Continental drift is a theory that maintains that large landmasses are slowly moving and have done so continually for ages. There was a single landmass called Pangaea that split up tens of millions of years ago, and the resulting continents eventually drifted to their present locations. Alfred Wegener (1880-1930) introduced the theory of continental drift in the early years of the 20th century after he closely looked at the contours of the different continents and saw how they could fit together like a jig saw puzzle. The theory in the early years was ridiculed, but 30 years after Wegner's death it has gained many adherents.
A professor in a college engineering department, writing in The Kyeongyang Magazine, wants us to reflect on how the theory, if true, might affect the way we see life. The theory of plate tectonics, which is accepted by all, explains that the continents move a few centimeters each year. This understanding gives added scientific probability to Wegner's theory of continental drift.
By considering the number of generations since the appearance of humanity about 2 million years ago, the professor estimates that there have been 30,000 generations of humans. In the eyes of the creator, all is alive and moving; in our eyes, it does seem that all is at a standstill, muses the professor. The creator can see a part of humanity as being very near-sighted and the primary reason for the mistreatment of nature and the world. We are part of nature; here for only a short time. Is this not the reason, he asks that Jesus come to be with us?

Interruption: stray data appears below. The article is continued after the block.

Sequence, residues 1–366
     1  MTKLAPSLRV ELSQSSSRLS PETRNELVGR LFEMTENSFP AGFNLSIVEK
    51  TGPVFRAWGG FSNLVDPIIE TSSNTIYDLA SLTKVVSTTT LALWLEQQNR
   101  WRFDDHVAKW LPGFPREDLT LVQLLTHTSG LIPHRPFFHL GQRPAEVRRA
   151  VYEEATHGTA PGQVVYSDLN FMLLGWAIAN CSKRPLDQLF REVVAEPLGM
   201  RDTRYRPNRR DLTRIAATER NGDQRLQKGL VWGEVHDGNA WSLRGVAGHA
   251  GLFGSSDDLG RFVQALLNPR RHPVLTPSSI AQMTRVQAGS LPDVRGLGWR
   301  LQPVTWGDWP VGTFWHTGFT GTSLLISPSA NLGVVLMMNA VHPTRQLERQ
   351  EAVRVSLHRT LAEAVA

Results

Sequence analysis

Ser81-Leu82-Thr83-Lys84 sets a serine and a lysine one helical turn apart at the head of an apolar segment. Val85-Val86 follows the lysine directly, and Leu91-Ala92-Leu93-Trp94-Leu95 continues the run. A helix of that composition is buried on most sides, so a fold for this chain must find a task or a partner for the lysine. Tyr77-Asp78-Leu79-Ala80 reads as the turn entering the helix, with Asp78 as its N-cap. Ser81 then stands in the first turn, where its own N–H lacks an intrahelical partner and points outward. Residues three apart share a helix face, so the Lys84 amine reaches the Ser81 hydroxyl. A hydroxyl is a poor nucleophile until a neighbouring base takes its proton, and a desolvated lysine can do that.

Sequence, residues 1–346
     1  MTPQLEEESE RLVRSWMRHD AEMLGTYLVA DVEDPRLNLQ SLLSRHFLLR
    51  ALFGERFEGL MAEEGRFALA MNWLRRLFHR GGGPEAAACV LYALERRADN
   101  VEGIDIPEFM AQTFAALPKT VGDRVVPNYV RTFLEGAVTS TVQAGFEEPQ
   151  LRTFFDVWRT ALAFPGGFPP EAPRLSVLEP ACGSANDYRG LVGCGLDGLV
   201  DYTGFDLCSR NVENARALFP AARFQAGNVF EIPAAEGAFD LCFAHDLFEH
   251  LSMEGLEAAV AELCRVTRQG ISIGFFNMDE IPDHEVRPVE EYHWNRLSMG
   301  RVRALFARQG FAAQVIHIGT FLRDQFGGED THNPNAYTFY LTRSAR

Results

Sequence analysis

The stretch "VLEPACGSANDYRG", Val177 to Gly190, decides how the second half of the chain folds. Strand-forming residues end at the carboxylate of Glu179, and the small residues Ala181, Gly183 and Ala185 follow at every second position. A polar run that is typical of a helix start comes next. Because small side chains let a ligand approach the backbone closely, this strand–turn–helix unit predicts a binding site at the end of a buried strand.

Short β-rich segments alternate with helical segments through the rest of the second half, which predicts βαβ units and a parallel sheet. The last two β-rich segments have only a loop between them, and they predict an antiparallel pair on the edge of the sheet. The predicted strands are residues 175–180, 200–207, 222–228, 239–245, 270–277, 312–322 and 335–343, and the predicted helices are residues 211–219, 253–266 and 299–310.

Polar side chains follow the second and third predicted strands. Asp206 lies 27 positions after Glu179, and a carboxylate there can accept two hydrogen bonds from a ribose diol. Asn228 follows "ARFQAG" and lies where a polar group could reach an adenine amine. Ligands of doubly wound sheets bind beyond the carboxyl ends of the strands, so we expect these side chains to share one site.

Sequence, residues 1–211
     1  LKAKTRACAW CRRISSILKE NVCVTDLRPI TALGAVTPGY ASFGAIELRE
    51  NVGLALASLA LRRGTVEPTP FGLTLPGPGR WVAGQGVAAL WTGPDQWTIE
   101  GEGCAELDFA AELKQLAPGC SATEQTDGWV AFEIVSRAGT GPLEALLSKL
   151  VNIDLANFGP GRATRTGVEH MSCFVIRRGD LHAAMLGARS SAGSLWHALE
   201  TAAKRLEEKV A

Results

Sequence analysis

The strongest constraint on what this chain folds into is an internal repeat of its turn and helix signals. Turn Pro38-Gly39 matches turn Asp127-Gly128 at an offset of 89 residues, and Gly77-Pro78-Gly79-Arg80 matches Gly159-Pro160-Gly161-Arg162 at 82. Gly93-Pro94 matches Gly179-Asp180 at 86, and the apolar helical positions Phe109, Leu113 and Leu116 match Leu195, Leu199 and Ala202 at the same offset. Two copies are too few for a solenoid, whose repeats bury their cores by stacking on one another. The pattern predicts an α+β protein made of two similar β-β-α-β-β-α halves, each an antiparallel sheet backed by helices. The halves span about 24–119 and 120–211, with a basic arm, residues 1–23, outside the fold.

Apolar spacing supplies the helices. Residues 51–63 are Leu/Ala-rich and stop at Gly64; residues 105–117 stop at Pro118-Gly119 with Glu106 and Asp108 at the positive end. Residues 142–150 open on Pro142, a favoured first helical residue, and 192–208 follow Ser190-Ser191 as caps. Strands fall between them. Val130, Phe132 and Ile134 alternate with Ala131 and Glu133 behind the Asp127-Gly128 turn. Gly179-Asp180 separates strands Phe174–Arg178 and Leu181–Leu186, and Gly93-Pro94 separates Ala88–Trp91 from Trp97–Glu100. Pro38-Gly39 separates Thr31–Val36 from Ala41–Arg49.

A Christian who was poor went before the altar in his church and began praying with great sincerity: "All powerful Creator, you see all of us as small in your eyes. To you, 100 years are like one second, and one million dollars is like one penny. Please Lord, give me just one penny." Shortly after he heard the words: "Yes, but just wait 1 second."
We know that God is not limited by time as we are. The professor wants us to see our earthly reality with the eyes of God from the perspective of eternity. With humor the professor brings our attention to the movements imperceptible to us but none the less
happening continually. "Eyes do not see all that is."
He concludes with examples of being hurt by rebukes from others and being scarred, often making all kinds of resolutions to live the ideal, obedient and loving life, resolutions that turn out to be only empty words. We forget our place in the big cosmic picture. More effort, says the professor, should be directed in being patient, wise and humble.